A final thought before I take this project beyond the pages of my blog.
In his breakdown of the various typical stages of a pastoral tenure, Thom Rainer describes Years 4 and 5: Crossroads, Part 1 as follows:
“This period is one of the most critical in the relationship. If the conflict was severe, the pastor will likely leave or be forced out. Indeed, these years, four and five, are the most common years when a pastor leaves a church. On the other hand, if the pastor and the church manage the relationship well, they can often look forward to some of the best years ahead.” Autopsy of a Deceased Church; page 59 in the 2014 edition.
Of course the dynamics of the Church of England tend to lead to more protracted, less overt crunch points, but the theory still broadly holds – or so some of those ‘in the know’ tell us.
So what happens next for us?
Firstly, at least for now – and who knows how long ‘now’ is going to last – the plan is for the NTV and I to simply plod on. To plod on in God’s strength and by his grace faithfully and prayerfully doing what we can to make disciples right here where he has placed us. Preaching and teaching well, living holy lives and loving until it hurts.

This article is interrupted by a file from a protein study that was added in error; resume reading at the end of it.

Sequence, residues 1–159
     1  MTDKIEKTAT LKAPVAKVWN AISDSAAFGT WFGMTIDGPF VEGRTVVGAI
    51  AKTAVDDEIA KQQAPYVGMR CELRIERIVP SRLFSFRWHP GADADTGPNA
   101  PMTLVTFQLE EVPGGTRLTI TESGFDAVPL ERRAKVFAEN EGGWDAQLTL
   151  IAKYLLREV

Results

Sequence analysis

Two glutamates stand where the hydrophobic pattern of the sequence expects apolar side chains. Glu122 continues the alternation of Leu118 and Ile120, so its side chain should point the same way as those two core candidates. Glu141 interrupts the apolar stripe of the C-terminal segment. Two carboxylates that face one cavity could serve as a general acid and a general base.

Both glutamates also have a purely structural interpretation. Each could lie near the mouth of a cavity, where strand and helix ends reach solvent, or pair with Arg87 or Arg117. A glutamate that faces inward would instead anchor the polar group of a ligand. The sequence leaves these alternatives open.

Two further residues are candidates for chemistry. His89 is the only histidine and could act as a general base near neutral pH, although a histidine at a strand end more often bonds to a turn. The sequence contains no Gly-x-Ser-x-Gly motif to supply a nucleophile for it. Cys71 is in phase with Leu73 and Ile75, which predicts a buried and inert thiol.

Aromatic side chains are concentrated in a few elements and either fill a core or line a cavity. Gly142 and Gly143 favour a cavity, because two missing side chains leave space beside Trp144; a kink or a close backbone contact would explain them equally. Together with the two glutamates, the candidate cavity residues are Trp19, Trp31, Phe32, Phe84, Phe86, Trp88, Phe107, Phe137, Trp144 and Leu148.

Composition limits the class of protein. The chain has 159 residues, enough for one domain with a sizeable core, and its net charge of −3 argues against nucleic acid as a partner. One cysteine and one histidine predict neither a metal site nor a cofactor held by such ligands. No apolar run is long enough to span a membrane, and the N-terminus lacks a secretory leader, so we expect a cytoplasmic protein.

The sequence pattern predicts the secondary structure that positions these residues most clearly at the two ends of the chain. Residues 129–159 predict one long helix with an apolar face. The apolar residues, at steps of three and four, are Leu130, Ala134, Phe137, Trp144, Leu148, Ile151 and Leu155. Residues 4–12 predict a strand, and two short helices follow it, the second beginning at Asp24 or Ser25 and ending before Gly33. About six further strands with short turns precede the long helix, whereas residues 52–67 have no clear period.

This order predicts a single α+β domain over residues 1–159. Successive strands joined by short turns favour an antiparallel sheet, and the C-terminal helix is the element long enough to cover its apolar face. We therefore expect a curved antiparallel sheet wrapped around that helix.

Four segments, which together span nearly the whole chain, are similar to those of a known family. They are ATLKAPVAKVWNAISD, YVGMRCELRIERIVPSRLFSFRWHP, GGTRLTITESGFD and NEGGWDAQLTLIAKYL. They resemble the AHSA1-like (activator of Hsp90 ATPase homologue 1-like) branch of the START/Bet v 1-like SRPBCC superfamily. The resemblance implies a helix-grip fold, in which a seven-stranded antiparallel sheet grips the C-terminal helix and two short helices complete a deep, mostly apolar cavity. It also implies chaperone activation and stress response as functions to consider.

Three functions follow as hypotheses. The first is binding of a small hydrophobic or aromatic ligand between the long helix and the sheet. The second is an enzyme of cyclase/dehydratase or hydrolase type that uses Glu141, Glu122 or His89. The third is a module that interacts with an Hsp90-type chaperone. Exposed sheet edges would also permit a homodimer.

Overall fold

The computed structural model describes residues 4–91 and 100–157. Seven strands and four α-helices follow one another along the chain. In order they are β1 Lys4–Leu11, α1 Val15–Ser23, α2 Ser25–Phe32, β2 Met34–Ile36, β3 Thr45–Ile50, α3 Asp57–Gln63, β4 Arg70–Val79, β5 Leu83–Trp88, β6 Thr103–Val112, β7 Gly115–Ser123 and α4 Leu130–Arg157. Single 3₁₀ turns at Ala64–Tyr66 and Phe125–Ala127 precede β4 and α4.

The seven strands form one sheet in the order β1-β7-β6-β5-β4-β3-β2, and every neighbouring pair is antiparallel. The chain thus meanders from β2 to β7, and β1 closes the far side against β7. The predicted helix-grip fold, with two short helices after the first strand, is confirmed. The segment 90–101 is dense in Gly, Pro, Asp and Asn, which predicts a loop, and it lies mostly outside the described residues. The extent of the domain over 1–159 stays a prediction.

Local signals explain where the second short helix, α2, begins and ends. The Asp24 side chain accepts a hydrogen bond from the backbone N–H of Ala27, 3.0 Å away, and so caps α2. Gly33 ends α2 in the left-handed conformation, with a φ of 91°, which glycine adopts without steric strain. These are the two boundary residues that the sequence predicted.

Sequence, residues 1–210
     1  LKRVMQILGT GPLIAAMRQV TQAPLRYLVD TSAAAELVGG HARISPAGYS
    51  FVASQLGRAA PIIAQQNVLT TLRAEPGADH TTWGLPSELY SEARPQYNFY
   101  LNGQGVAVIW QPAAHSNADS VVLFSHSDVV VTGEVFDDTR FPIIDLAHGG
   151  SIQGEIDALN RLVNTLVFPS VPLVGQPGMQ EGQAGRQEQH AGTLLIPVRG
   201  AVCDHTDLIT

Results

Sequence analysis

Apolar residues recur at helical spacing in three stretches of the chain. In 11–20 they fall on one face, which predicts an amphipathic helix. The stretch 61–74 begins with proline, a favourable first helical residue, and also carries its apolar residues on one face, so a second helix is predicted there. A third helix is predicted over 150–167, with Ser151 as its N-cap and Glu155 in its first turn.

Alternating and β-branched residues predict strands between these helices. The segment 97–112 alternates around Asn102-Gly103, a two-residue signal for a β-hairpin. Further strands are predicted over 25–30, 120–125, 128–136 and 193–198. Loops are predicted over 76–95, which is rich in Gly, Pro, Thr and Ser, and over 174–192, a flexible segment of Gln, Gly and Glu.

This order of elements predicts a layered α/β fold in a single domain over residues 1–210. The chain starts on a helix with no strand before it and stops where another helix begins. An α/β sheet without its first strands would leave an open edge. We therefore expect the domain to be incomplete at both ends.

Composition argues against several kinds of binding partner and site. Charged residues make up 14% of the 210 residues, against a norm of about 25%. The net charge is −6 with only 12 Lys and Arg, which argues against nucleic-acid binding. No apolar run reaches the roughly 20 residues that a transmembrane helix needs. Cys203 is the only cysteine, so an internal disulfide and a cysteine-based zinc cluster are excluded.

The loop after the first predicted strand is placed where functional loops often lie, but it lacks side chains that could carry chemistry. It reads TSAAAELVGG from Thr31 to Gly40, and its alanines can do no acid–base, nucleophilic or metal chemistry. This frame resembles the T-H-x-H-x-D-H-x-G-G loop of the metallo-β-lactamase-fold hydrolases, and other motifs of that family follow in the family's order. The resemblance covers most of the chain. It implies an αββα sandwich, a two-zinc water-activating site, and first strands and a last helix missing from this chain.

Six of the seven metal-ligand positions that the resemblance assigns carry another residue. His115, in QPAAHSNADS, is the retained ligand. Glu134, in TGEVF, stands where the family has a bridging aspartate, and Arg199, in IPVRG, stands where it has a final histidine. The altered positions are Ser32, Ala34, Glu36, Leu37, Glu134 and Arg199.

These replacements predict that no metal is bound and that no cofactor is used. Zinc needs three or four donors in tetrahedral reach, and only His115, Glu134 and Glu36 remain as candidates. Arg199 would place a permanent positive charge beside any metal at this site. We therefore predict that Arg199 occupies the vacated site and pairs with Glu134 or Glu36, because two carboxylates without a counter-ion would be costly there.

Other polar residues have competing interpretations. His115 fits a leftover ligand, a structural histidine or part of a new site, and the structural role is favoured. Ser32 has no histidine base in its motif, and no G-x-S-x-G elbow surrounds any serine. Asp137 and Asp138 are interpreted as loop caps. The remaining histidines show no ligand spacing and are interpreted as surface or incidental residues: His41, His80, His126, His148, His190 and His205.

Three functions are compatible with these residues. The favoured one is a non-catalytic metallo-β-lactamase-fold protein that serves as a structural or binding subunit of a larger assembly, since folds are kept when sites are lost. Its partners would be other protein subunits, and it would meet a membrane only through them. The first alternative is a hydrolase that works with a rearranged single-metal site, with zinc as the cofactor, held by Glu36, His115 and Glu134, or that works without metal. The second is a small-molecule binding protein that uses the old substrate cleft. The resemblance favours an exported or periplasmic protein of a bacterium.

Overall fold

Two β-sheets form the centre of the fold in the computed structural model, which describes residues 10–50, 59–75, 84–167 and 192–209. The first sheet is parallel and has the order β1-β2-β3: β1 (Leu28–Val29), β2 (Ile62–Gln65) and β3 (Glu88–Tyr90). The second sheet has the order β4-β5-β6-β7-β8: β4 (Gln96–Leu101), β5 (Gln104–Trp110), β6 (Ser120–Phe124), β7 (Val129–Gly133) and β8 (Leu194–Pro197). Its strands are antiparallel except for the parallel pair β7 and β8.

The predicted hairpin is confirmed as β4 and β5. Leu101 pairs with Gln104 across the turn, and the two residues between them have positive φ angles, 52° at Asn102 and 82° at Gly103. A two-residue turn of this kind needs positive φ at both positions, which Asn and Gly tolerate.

Secondly, we are going to focus on the clear and loving communication of our diagnosis of the state of the churches’ spiritual health as a vital first step on which to (God willing) build a shared disciple-making strategy.
Thirdly we are going to see what the reaction is.
If there is either a refusal to undergo a health check or a failure to agree on what the health check reveals then we would be unwise not to seriously consider whether this is a place where we can fruitfully serve Christ’s glorious cause.
BUT, if a group of gospel partners emerges from the process with a united diagnosis of the key problems, and a united vision for the road to health and strength – then we can start to move forward into the years of fruit and harvest that Rainer describes next.
Questions of who holds the keys and how we can return them to the hook of Jesus’ authority can then be asked. Glass cabinets can be opened up and church life laid out for perusal. The pea-rl of the gospel can take centre stage once more. Who knows we may even face Rainer’s next stage, beyond fruit and harvest – Crossroads, Part 2 – but let’s not worry about that just yet!
So I’ll keep you posted!